The boats are currently in their trans-Pacific leg and they were literally in the middle of the North Pacific when this happened. As you might imagine, there are some pretty nasty storm systems out there this time of year, and they were in the midst of one. All the boats were waiting in the southerlies for the cold front to pass, at which time the wind would become more westerly or even northwesterly. The skipper accounts said the winds were 50 to 60 kts, gusting to 75, so this was quite a storm. I looked up the surface map from around the time of frontal passage and this is what it looked like:
|18Z NCEP Surface Analysis courtesy of NOAA|
I also tried to look up the wave height at the time, but unfortunately there are no wave buoys very close, and most of the buoys in the North Pacific and Bering are broken anyway. So I looked up a hindcast of model output (the model gives you estimates of what the waves were in the past) and it looks like the waves were about 6.8 meters, or about 22 feet.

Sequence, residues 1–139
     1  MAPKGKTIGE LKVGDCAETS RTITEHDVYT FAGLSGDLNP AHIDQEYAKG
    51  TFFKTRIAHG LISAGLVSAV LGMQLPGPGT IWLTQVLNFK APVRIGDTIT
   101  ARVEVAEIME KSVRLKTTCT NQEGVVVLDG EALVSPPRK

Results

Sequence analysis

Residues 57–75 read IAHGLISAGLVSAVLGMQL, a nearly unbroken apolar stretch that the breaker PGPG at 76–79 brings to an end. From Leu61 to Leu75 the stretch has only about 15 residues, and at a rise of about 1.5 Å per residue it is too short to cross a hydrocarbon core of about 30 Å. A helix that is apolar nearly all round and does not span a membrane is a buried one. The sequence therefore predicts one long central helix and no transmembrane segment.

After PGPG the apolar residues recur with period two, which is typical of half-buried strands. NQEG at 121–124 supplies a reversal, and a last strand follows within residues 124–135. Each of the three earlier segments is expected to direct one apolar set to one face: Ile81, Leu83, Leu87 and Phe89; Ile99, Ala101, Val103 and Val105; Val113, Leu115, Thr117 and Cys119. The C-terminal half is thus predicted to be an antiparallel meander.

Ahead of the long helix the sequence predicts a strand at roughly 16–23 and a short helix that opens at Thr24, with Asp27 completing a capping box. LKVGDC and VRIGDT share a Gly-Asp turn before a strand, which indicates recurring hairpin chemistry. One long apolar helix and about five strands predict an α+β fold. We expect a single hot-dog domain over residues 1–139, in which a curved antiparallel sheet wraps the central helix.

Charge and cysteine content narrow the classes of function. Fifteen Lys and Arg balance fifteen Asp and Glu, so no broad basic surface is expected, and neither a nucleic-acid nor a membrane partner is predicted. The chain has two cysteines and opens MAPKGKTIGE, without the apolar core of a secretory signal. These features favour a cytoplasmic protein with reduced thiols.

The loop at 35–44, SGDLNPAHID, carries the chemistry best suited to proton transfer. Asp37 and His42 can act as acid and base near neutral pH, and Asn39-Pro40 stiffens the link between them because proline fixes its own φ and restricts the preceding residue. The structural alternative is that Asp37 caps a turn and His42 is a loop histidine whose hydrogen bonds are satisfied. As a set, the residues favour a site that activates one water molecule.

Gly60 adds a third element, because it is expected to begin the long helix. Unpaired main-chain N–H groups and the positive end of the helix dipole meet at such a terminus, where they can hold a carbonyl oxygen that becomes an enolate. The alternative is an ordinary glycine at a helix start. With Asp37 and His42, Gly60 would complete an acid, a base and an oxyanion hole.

Which apparently looks like this (warning: some swearing, as you might imagine when your crewmate has gone overboard): https://www.youtube.com/watch?v=VPmNo-jo4tg
Holy crap! That's some scary stuff! All's well that ends well and the crew member is recovering nicely. But this just proves that those North Pacific Storms are no joke.
If this piques your interest, you can find more crew and skipper reports at www.clipperroundtheworld.com